Super, but superfluous

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The Province and its partners officially opened the new provincial training centre in St. Johns Thursday. And while the talking heads stood around and congratulated one another for this garish accomplishment, countless rural Newfoundland and Labrador communities are still going without. Ask yourself how many small towns in this province are crying out for some government funding to build or upgrade a community centre, tennis court, arena, softball or soccer pitch. The amount is staggering. I can name five off the top of my head where the facilities are in such utterly deplorable condition and the funds are so tight, the towns can only safely operate them a few months of the year. And here we are, living up to the inside-the-overpass mentality and building a completely unnecessary piece of infrastructure inside a city that already houses a glut nay a plethora of existing sports and recreation facilities. And only a 10-minute walk from another mulit-million dollar provincial training centre opened less than six years ago, the Field House at MUN. Aside from the Field House, theres the Mews Centre, the Y, countless gym chains, an endless amount of school gymnasiums and more ball fields, soccer pitches and ice rinks than you can shake an angry old man stick at. Im not saying the facility described in its public unveiling and naming today as a commitment to excellence, and a step up for sport in this province (pfft!) isnt spectacular. For $8 million it should be damn near utopia for the athletes who use it. But the reality is, we dont need it. And the more I stop to think about it, it looks more and more like an excuse to prop up forgive the pun rugby as a provincial sport. I ask you all, where in this province is rugby regularly played? Only within the confines of the greater St. Johns area. Period. And even then, there are still and always will be more hockey, baseball, softball, soccer, and even lawn bowling fans in the capital city. But lo and behold, the Swilers Rugby Complex, already a fine looking spot, now looks a thousand times better than was it was before. But on whose dime? The province threw $2.8 million at the project, the government chipped in another $2.5, and the city anted up for $1.3. The rest, $1.23, came from the Swilers themselves and Sport Newfoundland and Labrador. The question then becomes whether the Swilers extension quite a significant one was paid for by taxpayers or strictly by the club itself. One would hope its the latter. If my tax dollars are going to pay for something sports oriented, it should go where its needed. Not to the pre-privileged. Calling it a provincial training centre causes my blood to boil. The province is not St. Johns. The province is the island of Newfoundland and the territory of Labrador. Geographically speaking, this is as much of a provincial training centre as The Rooms is a provincial museum. Given the distance from, well, everywhere in the province to St. Johns, wouldnt it have made much more sense to put it in a location that was a little more accessible and equidistant? Im sure Gander or Grand Falls-Windsor or some other town in Central Newfoundland would have been just as good a home for the facility. The fat cats had other things in mind. But none of this really comes as a surprise to me. This sort of townie mentality is expected, almost second nature to our government. A press release was churned out by the spin doctors a while back announcing the recipients of the Premiers Athletic Awards. Of the 95 awards and subsequent grants ranging from $500 to $1,500 depending on the athletes level of competition and required training 64 were handed out to athletes who reside in, or within driving distance of, town. The rest were divvied out like snack crackers at fat farm few and far between. Marystown (pop 5,800) and Stephenville (8,000) for example, each had three athletes recognized. Corner Brook came up big in the outside-the-overpass lottery nabbing four honours (pop 20,083). The grossest insult was seeing the entire 294,330 square kilometres that is Labrador receive two grants. Both to residents of Labrador City, which represents a third of the Big Lands population. And one of them was awarded to an athlete who trains and lives outside the province for most of the year. Having grown up here in St. Johns, Im painfully aware that a third of the provinces population lives on the Northeast Avalon and almost half on the peninsula of privilege alone. And having worked in the media for the last three years, its clear theres more government dollars from most any department spent in and around the capital. So if this province is fortunate enough to be home to another Olympic medalist or national champion, its almost a certainty he or she will be residents of the Northeast Avalon region. That is, after all, where all our governments resources for elite athletes seem to wind up. And you wonder why there is a divide between town and da Bay. Like everything in government, the way these grants and awards are handed out should be based on regions. Not to where there are more elite level athletes. That's flawed logic and doesn't encourage anything good around the bay. It sends the message, forget about where you come from, you can't succeed there. Come to Sin John's. How can athletes from more remote and rural areas earn a chance to even try out for teams, or train at this new white elephant on Crosbie Road, if the supports arent put in place for them?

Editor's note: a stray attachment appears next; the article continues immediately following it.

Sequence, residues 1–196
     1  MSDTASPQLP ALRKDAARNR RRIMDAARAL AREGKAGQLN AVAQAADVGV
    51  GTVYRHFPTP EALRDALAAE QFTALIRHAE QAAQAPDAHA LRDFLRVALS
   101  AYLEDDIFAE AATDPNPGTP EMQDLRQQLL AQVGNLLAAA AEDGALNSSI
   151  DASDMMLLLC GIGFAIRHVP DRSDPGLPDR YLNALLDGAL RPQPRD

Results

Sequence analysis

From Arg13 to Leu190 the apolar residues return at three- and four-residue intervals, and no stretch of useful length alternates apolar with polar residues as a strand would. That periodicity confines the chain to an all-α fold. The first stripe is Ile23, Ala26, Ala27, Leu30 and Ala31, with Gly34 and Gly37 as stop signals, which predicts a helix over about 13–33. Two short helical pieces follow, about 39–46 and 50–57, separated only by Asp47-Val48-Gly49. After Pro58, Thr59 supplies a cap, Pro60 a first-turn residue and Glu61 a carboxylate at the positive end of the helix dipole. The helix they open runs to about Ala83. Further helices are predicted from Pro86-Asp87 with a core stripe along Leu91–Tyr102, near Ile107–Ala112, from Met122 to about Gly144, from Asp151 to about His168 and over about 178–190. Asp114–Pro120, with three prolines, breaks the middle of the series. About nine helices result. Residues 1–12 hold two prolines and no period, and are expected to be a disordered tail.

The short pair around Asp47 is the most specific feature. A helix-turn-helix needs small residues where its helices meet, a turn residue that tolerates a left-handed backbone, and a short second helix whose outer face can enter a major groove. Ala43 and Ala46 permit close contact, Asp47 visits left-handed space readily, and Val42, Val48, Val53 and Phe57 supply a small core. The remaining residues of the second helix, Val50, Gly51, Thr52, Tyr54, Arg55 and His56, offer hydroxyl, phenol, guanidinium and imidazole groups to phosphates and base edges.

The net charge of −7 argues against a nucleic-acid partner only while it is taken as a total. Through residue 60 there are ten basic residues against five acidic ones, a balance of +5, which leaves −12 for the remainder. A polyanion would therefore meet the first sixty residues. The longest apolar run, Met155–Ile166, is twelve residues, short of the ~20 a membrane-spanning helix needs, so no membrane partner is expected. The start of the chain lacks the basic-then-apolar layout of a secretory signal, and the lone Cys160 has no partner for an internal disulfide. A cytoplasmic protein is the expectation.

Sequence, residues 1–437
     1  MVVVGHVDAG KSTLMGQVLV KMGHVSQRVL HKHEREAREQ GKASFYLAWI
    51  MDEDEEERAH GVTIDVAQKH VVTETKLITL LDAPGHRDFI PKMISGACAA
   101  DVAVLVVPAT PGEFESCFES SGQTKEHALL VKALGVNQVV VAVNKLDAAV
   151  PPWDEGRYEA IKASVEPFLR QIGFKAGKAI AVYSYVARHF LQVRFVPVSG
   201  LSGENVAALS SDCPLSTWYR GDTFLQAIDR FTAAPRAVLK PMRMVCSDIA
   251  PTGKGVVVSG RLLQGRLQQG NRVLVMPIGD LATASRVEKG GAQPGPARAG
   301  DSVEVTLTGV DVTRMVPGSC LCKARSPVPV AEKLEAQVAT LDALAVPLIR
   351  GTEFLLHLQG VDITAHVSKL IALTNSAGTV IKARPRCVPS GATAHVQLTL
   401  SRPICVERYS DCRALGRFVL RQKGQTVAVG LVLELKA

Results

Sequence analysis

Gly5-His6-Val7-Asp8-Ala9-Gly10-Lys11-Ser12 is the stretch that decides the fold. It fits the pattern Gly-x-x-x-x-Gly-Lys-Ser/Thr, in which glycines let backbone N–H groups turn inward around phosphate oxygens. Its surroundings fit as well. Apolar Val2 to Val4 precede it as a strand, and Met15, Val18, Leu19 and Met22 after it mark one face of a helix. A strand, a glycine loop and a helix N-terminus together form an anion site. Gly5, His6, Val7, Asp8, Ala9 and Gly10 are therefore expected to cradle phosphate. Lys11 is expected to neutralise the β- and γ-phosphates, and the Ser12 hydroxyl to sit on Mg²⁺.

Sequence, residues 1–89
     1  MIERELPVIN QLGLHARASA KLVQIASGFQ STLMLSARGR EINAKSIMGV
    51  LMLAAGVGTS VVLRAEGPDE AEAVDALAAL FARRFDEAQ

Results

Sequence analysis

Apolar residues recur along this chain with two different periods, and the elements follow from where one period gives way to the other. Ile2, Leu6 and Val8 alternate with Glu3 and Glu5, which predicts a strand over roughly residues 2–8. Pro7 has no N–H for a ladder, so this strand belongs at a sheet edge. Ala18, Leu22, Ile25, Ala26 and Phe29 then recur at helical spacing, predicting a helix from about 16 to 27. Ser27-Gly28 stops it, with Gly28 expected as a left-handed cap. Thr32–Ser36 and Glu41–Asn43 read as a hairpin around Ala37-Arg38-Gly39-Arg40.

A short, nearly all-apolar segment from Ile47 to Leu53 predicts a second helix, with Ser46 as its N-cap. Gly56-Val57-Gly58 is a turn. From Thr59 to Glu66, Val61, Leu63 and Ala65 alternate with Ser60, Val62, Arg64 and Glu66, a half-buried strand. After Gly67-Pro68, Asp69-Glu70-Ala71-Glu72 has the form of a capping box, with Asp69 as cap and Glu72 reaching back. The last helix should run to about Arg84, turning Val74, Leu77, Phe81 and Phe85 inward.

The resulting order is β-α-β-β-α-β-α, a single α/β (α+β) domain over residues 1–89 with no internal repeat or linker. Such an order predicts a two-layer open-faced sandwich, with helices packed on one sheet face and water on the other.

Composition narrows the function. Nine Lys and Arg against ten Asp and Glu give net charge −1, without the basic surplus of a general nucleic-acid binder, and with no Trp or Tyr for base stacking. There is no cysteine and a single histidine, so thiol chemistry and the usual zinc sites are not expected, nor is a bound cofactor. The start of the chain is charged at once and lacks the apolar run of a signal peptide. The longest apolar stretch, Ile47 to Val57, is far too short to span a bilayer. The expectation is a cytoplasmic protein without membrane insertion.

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  • Jonathan
    July 27, 2010 - 13:55

    It is about time someone put the truth out there about the funding or lack there of that rural Newfoundland receives. This is just what St. Johns needed - Another Mile One Stadium that no one will know what to do with in 5 years.